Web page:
Oh, Tumblr. How you’ve been my vehicle of relaxation and winding down during this quite interesting year. And I say “interesting” in the most general sense. 2010 has been both amazing and devastating. It has also taught me SO much about how to really be a conscious person and take in my surroundings as they change.
As a teenager, I have the tendency to think two things:
a. Nothing can hurt me.
b. I know everything.
Well, 2010 begged to differ. I learned (unwillingly, may I add) that I, in fact, can be hurt. And not just hurt by getting my hopes up about a boy or having a friend stab me in the back. It was much more complex. I had the terrible opportunity of having one of my closest friends pass away. Of course there was the whirlwind of “But I just saw her yesterday! She was fine! I spoke to her an hour before you called and told me she was in the hospital.”
For anyone that doesn’t know, my friend, whom I’ve mentioned is Kanya, my friend who suffered from bulimia and anorexia. She was the sunshine to so many people and I told her everything. She taught me a great deal when she was alive, and, oddly enough, she continues to teach me lessons on loving myself. Having to go on without her, however, has been a struggle I’ve learned to mitigate. It’s gotten easier, but I most definitely know now that no matter how strong I am and how well I am at pretending I’m okay, sometimes it just doesn’t work. All in all, you learn to live with it and just cherish the memories shared.
As if that wasn’t a big enough change in my life, I transitioned from being a little Georgian girl living on the island of her roots, to being a little Dominican girl back in the South, however relocated to a town she knows nothing of.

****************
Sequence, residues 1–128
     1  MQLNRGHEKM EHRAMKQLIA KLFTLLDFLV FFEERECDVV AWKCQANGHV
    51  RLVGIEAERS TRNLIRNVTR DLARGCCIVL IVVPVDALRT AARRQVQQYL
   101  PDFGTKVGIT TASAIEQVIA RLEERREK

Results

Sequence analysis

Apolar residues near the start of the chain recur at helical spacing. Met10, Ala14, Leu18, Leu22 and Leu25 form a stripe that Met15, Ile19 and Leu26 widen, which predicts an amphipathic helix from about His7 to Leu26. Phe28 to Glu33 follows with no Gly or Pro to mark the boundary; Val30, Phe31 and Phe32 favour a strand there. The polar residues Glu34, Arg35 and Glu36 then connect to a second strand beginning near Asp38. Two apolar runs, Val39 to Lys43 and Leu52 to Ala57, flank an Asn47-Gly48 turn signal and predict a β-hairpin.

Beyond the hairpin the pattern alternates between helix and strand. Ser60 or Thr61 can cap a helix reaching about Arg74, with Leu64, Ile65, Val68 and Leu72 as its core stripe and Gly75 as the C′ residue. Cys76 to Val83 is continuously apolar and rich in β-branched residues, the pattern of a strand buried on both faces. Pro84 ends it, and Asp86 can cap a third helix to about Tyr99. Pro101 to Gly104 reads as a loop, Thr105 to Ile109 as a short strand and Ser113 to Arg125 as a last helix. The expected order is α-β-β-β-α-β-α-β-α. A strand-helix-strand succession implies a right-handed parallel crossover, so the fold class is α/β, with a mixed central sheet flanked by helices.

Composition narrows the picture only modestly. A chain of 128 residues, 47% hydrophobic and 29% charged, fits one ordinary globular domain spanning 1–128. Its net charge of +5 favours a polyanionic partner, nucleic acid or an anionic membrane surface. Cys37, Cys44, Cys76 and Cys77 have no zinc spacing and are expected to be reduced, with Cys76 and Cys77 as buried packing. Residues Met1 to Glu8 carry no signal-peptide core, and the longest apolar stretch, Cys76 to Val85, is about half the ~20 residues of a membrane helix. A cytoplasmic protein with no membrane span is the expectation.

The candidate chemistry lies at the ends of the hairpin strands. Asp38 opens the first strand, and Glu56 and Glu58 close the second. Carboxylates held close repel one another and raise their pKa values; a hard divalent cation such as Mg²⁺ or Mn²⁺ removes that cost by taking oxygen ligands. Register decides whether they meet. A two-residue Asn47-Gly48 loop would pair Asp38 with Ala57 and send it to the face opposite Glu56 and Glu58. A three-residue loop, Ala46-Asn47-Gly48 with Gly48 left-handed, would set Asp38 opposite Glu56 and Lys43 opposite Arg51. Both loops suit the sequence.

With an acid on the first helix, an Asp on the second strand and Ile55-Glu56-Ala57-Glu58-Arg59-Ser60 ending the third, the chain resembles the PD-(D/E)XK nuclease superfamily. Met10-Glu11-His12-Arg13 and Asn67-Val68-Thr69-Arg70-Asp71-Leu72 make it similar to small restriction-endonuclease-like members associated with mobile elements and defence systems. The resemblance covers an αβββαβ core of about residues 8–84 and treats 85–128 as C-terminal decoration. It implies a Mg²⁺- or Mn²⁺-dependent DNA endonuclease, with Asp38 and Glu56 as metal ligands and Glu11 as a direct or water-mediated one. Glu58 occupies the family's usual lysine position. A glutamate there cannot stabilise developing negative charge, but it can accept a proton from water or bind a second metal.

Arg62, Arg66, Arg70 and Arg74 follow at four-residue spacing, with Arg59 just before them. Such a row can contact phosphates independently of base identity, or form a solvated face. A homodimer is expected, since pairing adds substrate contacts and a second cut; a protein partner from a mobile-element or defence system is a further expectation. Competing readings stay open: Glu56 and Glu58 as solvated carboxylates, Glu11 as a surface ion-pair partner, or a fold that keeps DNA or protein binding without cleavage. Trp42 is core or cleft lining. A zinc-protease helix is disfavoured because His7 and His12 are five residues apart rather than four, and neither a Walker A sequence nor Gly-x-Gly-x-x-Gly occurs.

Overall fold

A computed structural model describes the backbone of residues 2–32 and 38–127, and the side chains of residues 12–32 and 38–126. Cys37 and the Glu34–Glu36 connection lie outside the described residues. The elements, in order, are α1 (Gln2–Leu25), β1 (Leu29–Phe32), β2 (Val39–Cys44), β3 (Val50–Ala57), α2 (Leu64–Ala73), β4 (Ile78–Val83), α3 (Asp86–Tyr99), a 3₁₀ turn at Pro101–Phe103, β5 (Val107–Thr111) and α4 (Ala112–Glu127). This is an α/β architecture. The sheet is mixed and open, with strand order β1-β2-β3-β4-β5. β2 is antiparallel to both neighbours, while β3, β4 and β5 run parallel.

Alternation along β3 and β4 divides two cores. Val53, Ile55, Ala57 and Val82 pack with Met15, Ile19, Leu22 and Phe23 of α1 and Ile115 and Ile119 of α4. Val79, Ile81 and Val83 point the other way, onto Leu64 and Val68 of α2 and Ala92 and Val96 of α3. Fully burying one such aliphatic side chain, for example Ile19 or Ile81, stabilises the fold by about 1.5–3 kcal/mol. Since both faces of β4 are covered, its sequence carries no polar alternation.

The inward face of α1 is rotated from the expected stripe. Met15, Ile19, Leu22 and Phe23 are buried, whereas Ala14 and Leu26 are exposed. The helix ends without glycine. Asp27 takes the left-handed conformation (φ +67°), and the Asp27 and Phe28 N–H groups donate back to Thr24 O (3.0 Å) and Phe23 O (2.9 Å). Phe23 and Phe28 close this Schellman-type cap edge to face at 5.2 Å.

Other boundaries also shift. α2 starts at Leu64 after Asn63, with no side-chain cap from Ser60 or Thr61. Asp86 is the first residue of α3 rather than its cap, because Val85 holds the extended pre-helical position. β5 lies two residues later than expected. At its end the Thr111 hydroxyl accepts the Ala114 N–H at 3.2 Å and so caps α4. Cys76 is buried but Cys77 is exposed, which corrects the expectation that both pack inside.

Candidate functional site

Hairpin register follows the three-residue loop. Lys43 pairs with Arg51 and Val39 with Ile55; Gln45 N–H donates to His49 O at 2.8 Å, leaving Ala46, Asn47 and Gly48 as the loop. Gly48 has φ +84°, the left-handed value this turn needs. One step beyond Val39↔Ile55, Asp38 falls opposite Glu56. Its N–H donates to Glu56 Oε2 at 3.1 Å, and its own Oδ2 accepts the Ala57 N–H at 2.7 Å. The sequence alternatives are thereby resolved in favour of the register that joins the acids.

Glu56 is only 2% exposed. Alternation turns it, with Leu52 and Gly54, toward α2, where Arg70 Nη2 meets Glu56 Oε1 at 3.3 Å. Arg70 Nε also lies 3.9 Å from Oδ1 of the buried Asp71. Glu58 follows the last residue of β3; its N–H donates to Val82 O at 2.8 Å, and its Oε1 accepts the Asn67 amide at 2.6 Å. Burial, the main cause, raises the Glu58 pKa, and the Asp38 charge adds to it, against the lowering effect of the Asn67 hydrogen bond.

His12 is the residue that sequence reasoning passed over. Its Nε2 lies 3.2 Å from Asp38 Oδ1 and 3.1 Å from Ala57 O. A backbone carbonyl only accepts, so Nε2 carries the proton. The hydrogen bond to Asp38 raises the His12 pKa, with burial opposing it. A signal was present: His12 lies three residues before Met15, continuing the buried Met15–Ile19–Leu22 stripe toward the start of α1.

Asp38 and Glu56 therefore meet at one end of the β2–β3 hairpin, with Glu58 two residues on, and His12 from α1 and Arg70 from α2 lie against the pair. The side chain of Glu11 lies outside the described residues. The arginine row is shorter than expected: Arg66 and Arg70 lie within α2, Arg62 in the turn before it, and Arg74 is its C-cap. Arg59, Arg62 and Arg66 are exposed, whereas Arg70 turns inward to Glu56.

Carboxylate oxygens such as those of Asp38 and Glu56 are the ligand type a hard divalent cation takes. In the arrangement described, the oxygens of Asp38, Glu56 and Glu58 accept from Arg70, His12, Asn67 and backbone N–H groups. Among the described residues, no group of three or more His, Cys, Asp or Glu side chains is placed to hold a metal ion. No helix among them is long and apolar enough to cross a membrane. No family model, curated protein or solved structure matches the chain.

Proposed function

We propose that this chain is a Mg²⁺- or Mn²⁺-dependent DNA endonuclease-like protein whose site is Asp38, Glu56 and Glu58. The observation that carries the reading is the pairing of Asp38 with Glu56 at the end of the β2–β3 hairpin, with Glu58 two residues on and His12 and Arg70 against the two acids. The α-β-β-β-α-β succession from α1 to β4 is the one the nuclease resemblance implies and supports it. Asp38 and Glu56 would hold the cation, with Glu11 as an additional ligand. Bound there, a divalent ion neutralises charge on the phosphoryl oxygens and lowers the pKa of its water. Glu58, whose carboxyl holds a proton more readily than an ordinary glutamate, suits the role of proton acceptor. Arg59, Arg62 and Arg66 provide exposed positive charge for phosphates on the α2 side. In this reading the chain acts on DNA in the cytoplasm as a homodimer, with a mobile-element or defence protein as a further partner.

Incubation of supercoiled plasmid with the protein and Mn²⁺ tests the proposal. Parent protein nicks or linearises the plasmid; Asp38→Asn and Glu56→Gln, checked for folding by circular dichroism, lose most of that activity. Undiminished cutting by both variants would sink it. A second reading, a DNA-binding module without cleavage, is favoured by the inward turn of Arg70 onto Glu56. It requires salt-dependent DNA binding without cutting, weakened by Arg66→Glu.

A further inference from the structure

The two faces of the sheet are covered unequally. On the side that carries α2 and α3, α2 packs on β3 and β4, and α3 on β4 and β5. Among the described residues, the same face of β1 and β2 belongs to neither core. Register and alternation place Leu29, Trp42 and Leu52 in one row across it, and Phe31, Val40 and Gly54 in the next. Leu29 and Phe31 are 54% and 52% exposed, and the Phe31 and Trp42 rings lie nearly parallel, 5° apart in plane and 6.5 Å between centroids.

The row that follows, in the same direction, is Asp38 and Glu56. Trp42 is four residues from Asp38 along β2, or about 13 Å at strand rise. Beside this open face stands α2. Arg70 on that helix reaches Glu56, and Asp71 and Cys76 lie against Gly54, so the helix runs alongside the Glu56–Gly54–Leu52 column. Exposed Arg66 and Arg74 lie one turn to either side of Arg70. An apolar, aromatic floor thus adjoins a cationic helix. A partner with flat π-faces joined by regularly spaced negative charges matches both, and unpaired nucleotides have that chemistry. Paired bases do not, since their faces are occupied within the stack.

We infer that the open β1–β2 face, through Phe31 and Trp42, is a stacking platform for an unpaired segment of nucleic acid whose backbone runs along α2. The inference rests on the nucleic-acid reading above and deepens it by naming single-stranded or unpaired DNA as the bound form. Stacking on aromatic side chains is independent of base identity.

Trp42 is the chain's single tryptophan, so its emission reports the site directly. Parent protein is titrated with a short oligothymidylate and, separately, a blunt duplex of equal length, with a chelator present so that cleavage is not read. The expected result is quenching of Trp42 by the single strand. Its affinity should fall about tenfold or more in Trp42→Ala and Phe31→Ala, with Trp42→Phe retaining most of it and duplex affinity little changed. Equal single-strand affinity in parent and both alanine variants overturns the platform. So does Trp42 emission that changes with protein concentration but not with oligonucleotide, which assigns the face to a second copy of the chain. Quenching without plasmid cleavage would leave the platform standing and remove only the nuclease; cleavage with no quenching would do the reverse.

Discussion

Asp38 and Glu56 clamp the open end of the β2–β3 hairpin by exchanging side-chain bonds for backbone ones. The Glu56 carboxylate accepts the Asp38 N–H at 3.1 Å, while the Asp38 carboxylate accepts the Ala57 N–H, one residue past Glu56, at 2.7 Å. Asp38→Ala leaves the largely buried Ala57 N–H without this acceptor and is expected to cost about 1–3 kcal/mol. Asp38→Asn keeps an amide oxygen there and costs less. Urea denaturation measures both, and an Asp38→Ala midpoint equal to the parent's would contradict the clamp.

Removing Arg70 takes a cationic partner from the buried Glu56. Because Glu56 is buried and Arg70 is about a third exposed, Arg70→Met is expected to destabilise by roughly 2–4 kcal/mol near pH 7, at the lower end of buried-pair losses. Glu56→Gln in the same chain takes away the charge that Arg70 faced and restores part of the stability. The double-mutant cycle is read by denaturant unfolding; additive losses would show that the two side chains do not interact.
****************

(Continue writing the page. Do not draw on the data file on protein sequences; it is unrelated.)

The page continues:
Being in Chattanooga and befriending the people who live in the small suburb of Tiftonia (or Lookout Valley if you actually live there) has, as interesting as it may sound, taught me quite a few interesting things. Sadly, when I moved to Chattanooga, I had originally decided to go to the performing arts school located across town. When My dad informed me that I would be attending the small high school right down the street, I instantly created this mentality that I was much smarter than them, for I had traveled more and spoke another language, as opposed to these kids who had stayed in the Valley their whole lives.
This was true to an extent. People marveled over the fact that I was fluent in more than one language and came from a different country. After a while, though, instead of sticking my nose up at them when they didn’t understand an Algebra problem or know that so-and-so General fought this battle in the Civil War, I decided to observe them and see what made me and the rest of them so different. And it wasn’t that they weren’t smart. They were. They had just been taught at a different pace than I had back at my private school in the Dominican Republic. I’ve often found myself re-learning things that I had forgotten when they were initially taught to me and realized that it was very refreshing. It was a relief that the academic pressure put on me at my previous school wasn’t present here. Of course, they praise students who keep their grades up, but it isn’t a competition anymore. Now, it’s all about me and my goals for myself. No one else. And I love it.
Apart from my new-school experience, I’ve had a chance to have my sister close by again, which is such a blessing now that I’m older. She is the one who truly keeps me in line (in regards to the “I think I know everything” factor). I try to bite off more than I can chew. I try to grow up too fast, thinking that I’ll be able to handle it due to my maturity level. I probably could, but I don’t think it’d be the best idea. My mental sanity would be at stake.
All I’ve got left to do for this year is eat and laugh as much as I can, for a cleansing 2011 awaits me.